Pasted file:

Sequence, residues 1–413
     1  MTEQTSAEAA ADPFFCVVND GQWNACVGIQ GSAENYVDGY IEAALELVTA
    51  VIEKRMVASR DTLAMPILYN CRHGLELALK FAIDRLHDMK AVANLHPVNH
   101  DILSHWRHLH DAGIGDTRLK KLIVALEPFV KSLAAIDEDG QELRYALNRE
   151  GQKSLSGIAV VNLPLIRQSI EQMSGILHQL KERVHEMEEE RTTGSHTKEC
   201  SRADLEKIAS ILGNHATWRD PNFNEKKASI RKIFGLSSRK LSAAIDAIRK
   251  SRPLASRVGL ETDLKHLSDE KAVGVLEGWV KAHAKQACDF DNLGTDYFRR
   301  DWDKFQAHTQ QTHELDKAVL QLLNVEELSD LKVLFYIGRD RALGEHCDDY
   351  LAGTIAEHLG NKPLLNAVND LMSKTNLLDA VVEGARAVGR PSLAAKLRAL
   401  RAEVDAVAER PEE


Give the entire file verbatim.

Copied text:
Sequence, residues 1–413
     1  MTEQTSAEAA ADPFFCVVND GQWNACVGIQ GSAENYVDGY IEAALELVTA
    51  VIEKRMVASR DTLAMPILYN CRHGLELALK FAIDRLHDMK AVANLHPVNH
   101  DILSHWRHLH DAGIGDTRLK KLIVALEPFV KSLAAIDEDG QELRYALNRE
   151  GQKSLSGIAV VNLPLIRQSI EQMSGILHQL KERVHEMEEE RTTGSHTKEC
   201  SRADLEKIAS ILGNHATWRD PNFNEKKASI RKIFGLSSRK LSAAIDAIRK
   251  SRPLASRVGL ETDLKHLSDE KAVGVLEGWV KAHAKQACDF DNLGTDYFRR
   301  DWDKFQAHTQ QTHELDKAVL QLLNVEELSD LKVLFYIGRD RALGEHCDDY
   351  LAGTIAEHLG NKPLLNAVND LMSKTNLLDA VVEGARAVGR PSLAAKLRAL
   401  RAEVDAVAER PEE